• Bring on the thought leadership: The end of the year is always a great time for thought leadership pieces. Audiences love reflections on the past year and predictions for the future. Thought leaders (ie. company execs and subject matter experts) should absolutely use the end of the year as a platform to share innovations, predictions, and ideas about their industry and area of expertise. The end of the year can be a great time to reveal big ideas and share future plans for your organization as well. Look beyond print and online publications to place these types of articles –  podcasts, social media platforms such as Clubhouse, and other broadcast outlets are also great ways to increase visibility and build credibility. 

  • Be nimble: Buzzy stories and breaking news are, in their inherent nature, impossible to predict. That being said, always be on the lookout for ways to piggyback on buzz-worthy stories. For example, 2021 looks like it will be rife with supply-chain driven shortages for the toys on everyone’s wish lists, so an organization that supports low-income kids and their families might pitch an “alternate gift guide” of free experiences or gifts that don’t come in a box. The goal is to take an existing story and build off of what the media is already covering, garnering coverage for your organization in the process.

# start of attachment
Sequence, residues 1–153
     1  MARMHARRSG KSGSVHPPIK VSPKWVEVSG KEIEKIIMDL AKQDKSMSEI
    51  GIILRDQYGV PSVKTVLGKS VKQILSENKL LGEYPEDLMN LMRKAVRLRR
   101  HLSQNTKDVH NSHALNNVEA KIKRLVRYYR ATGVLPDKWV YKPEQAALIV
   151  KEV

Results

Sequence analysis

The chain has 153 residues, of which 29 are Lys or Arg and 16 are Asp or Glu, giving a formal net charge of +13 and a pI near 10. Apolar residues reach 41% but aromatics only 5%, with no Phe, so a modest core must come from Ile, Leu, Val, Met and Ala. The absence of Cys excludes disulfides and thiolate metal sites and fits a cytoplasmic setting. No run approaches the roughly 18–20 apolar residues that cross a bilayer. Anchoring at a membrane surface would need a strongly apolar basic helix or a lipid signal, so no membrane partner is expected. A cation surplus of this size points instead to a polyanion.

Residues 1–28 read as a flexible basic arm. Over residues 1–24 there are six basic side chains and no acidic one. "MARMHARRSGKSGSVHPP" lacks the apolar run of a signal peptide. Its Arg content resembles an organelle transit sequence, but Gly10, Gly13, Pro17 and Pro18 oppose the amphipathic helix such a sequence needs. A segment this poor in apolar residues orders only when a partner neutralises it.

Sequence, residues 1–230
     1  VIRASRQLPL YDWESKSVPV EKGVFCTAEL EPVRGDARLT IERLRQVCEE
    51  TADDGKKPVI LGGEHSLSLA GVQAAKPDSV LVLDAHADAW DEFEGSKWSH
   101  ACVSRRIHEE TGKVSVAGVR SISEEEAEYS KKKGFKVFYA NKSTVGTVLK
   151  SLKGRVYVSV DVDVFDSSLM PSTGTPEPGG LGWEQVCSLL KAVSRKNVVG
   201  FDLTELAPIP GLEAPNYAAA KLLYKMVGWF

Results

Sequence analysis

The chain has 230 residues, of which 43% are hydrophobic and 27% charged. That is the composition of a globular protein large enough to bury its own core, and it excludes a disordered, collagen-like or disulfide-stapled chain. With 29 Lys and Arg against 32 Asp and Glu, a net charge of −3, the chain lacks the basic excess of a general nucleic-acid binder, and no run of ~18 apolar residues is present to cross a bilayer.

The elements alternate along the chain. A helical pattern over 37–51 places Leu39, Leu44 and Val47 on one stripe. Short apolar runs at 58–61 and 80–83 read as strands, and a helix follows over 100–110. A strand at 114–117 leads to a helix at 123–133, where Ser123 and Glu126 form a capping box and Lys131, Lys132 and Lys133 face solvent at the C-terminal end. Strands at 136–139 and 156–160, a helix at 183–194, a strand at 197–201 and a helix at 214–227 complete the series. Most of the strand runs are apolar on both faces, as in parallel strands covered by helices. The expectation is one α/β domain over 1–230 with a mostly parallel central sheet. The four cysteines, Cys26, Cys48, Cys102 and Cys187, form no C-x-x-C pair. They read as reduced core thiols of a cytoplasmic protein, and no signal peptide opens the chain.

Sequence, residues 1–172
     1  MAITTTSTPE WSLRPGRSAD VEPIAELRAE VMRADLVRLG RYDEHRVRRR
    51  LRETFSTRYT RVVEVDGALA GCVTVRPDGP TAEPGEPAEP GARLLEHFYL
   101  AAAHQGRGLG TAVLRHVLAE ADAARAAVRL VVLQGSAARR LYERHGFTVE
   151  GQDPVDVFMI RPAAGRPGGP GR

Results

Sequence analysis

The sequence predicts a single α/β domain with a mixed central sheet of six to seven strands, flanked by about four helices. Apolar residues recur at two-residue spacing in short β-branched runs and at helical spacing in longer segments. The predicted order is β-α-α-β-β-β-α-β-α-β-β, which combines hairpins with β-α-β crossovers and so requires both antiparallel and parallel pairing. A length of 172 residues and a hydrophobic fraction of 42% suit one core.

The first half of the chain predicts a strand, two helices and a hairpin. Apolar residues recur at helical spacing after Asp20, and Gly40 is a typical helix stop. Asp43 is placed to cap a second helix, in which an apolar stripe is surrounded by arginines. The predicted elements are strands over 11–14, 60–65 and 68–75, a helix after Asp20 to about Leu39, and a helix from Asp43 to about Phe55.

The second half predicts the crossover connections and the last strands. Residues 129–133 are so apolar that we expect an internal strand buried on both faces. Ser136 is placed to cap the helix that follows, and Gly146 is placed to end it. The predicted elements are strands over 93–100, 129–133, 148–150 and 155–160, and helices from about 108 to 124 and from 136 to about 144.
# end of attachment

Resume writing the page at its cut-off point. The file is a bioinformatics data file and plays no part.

Don’t force a holiday story if it doesn’t exist


Some organizations or individuals, no matter how hard they try, may not have anything relevant to pitch for the holiday season. That’s ok. Don’t try to force a holiday story if it doesn’t exist, you don’t need to add to the holiday “noise” if you don’t have anything to say. But, don’t give up on Q4 pitching entirely! Just because the media feels overrun with holiday stories, doesn’t mean they aren’t still looking for general news content as well. Keep in touch with your reporter contacts and continue to pitch your stories. Even if your Q4 pitching doesn’t yield coverage, the time you spend developing relationships and sharing content ideas now will likely yield results in the new year. 


Pitch early and often


The key takeaway for holiday pitching is the same strategy we advocate year-round: pitch early and often. Media outlets can’t select your story for their holiday issues if they don’t know about it. In the same vein of thought, you can’t amplify your mission, values, and voice if you don’t speak up. Start sharing your ideas now and keep pinging reporters as the holidays approach. Always remember, if you can be a resource and focus on sharing good, relevant, and timely ideas, then the stories will follow!



Image by ymkaaaaaa from Pixabay 


Diana Crawford
About the Author: Diana Crawford

Diana Crawford is a seasoned public relations consultant with more than 15 years of agency, consulting, and in-house experience. She joined Orapin in 2013 and manages account services and client communications strategy development. She has worked across a variety of industries and has expertise with professional services, food/alcohol, health and wellness, lifestyle, sports, education, tech, and non-profit organizations.